The revelation leaves Sam uneasy and afraid it will look like he's trying to sleep his way up the corporate ladder. But Elliot helps him to put aside these reservations, and it isn’t long before Sam achieves the professional success and personal fulfillment he has long sought. But this newfound happiness is threatened when a jealous co-worker tells Sam that he's not the first employee with whom Elliot has been involved. With his career and love life at stake, Sam starts to wonder whether the foundation he and Elliot have constructed has been built on lies.
That’s it!” Sam snapped his fingers. “Phillip Harwin, the CEO and chairman of Harwin Biotechnologies. But what is he doing here with you?” The light bulb finally clicked on and embarrassed that he hadn’t caught on sooner swamped him. “You’re Elliot Harwin, the president of the company.”
“Guilty.” Elliot smiled, but he looked as uneasy as Sam felt.
“You didn’t think this was worth mentioning last night?”
“I know I should have, but things happened so fast that I never really got the chance.”
Sam conceded that things did go pretty fast last night. There really wasn’t time for an I’m-the-president-of-your-company conversation. And to be totally honest, conversation of any kind had been the last thing on his mind last night after meeting Elliot. But that was last night, and this morning was another matter entirely.
“I better get dressed, I have to get going.” Sam rushed past Elliot, eager to get back to the bedroom and find his clothes so he could leave and put this awkward situation behind him. He’d pulled on his pants and almost finished buttoning his shirt by the time Elliot re-entered the room.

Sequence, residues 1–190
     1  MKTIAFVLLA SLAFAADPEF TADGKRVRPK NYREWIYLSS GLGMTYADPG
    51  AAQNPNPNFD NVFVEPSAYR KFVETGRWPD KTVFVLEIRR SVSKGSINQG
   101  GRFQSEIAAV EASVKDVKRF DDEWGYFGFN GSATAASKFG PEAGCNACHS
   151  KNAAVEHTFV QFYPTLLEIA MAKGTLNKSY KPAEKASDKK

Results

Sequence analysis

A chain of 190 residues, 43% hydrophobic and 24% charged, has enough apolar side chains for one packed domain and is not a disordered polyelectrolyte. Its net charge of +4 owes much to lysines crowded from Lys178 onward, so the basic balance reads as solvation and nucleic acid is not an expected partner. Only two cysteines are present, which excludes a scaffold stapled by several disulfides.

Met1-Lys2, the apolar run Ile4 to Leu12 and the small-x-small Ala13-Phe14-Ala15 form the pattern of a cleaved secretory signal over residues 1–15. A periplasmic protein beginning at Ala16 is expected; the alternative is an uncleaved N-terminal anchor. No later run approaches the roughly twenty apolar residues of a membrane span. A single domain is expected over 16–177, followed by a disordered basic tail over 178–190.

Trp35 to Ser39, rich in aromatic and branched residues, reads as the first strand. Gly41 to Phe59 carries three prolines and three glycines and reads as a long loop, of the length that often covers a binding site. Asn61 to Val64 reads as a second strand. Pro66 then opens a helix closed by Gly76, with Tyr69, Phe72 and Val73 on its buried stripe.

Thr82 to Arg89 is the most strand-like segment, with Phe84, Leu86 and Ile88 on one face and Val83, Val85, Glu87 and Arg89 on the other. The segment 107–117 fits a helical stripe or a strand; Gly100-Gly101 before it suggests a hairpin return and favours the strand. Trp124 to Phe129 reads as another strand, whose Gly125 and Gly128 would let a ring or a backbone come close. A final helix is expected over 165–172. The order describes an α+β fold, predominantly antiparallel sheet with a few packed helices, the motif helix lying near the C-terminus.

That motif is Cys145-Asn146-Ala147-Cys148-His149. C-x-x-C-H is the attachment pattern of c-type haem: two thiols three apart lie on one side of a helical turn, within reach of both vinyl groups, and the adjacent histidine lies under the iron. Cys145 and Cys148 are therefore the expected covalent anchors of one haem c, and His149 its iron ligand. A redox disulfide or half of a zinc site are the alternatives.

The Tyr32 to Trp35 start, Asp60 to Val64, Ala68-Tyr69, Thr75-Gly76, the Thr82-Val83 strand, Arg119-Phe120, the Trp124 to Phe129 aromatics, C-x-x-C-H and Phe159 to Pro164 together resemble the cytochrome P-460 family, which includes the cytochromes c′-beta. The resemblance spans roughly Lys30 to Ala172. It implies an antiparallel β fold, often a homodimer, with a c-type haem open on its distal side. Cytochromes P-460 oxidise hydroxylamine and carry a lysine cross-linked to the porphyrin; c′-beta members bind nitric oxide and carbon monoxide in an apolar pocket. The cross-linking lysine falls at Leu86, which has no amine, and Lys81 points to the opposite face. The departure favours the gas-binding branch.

“I’m not your direct supervisor, so this really isn’t as bad as you’re making it out to be.”
“Is that a line you tell all the other Harwin Biotechnologies employees you sleep with to make them feel better?” Elliot’s face went slack, like he’d been slapped, and Sam regretted the harsh words. “Hey, look, I’m sorry, that was completely out of line.”
Elliot nodded. “It was, but I guess I asked for it by not coming completely clean with you last night. For the record, I’ve never done anything like this before. I’ve been so busy getting the company back on track after three straight years of decreasing sales and lost market share that I haven’t had much of a social life. I guess that’s why when things clicked between us, I didn’t want to risk telling you who I was and messing things up because it had been so long since I felt that way.”
“Same here,” Sam said, recognizing the similarities between Elliot’s story and his own. “I wanted you so badly last night that I’m not sure your telling me who you were would have made a difference because I haven’t been that attracted to anyone in years.”
Elliot smiled and walked over to Sam so that they were only inches apart. “So, does this mean I can talk you out of rushing out of here?”
“Depends on what you have in mind.” Sam’s breath quickened as Elliot unbuttoned his shirt and ground a burgeoning erection against his crotch.
“Something that’s going to get the day started a whole lot better for the both of us.”
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Twitter : @noellekeaton